The 66-Year History of the A. Ray Olpin Student Union


Andrea Oltra

Plaque inside the A. Ray Olpin University Union at the University of Utah on Saturday Feb. 4, 2023. (Photo by Andrea Oltra | The Daily Utah Chronicle)

By Caelan Roberts, News Editor


In 1947, the University of Utah had a problem. The number of students on campus was nearing 10,000, and the student union — then located in Gardner Hall — was being outgrown.

An article published in the Daily Utah Chronicle in October of 1950, titled “Need for New Union Re-emphasized,” stated the “inadequacies of the present Union” including the fact that the building only provided about seven square feet per student, whereas the average student union at the time would provide 12 to 20 square feet.

The U decided to build a new union. It would cost approximately $2.25 million to construct, according to that article.

The Union Across the Years

Branden Dalley, director of the Union, said the construction on the building was finished in 1954, but it wasn’t officially open until 1957 when it was dedicated to Albert Ray Olpin, the president of the university at the time. 

The building was financed entirely by student funds, according to another Chronicle article from February 1957.

The article noted that the annual student building fee went from $16 to $20 to help finance the construction. “The increase went unnoticed by students, but it paid for Union Revenue bonds sold on the open market to finance the building,” the article read.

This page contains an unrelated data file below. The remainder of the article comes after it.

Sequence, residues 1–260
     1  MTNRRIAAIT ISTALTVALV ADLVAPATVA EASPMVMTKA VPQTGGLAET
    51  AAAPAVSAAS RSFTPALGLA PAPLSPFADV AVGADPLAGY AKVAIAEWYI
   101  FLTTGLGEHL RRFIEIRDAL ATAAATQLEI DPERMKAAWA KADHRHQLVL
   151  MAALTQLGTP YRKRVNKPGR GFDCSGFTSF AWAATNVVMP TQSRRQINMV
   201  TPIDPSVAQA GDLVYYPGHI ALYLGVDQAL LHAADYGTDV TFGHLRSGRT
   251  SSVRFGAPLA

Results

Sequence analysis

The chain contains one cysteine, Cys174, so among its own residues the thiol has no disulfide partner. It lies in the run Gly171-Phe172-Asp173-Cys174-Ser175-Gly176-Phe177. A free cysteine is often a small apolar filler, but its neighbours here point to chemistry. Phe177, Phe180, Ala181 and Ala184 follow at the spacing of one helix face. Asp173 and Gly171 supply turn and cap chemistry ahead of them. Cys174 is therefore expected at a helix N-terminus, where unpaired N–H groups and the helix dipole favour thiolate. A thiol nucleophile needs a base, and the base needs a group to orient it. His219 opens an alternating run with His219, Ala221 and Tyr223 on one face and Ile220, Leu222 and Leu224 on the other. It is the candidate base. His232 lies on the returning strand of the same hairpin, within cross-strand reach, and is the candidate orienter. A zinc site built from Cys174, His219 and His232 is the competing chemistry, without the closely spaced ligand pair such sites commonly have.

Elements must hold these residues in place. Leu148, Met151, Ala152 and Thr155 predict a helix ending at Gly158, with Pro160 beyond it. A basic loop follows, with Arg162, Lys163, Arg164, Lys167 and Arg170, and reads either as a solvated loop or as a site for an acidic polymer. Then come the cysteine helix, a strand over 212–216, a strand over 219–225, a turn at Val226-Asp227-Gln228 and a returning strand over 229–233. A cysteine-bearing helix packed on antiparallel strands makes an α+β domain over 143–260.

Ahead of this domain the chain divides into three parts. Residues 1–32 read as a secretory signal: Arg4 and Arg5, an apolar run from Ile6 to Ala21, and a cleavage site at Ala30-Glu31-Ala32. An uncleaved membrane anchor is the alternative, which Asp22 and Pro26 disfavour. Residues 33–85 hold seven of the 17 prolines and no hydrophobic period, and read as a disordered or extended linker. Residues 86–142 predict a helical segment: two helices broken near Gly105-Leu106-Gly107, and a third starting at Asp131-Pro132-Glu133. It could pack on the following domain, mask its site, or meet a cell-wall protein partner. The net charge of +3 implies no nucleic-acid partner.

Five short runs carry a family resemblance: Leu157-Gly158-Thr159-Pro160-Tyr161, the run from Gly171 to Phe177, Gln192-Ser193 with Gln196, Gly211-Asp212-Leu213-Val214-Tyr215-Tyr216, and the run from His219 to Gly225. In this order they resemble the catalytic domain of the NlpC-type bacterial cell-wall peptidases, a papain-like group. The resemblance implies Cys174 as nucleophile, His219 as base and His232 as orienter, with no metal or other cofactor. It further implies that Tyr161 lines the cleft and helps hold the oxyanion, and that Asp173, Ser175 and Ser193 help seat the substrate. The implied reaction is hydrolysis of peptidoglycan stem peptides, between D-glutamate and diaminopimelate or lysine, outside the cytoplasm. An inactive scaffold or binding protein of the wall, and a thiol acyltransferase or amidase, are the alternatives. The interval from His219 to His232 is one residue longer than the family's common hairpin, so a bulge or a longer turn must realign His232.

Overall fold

Dalley said as the building has been updated over the years, student input has always been heavily considered. 

“It’s the student Union for a reason,” he said. “It’s the one place on campus that students should have a say because it’s their building.”

Even back when the Union was first built, students were involved in the process. A Chronicle article from 1956 titled “Union to Innovate Brass Band Rally” detailed how students could contribute to the Union before its official opening the following year, including meeting with and even joining several Union Building committees in charge of organizing events and activities in the new building.

The article added the students on said committees’ primary responsibilities would be to become “acquainted with the new Union and formulating some plans so that the student body can enter the new Union next September with the student-designed activities in full swing.”

The building has also hosted many notable speakers and performers, such as Dr. Martin Luther King. Jr. and The Grateful Dead. It is no accident that when these guests visit the U, they gravitate toward the Union.

“In the cases where they call us and they say, ‘we want to come to the student Union,’ it’s always because their perception is that it’s the heart of campus,” Dalley said. “It is where we can get directly at the students and for that reason that it is for all students on campus.”

(Courtesy Marriott Library)

The Union Today

The building has undergone many significant changes throughout the years, including additions to both the east and west wings of the building in 1967, according to Dalley, but it’s also been updated periodically to keep the decor looking modern.

“We want the Union to be the living room of campus, and in order to do that, you do have to replace furniture often, you have to keep it looking nice, you have to keep it looking comfortable for students to come to the facility or else they just won’t want to use it,” Dalley said.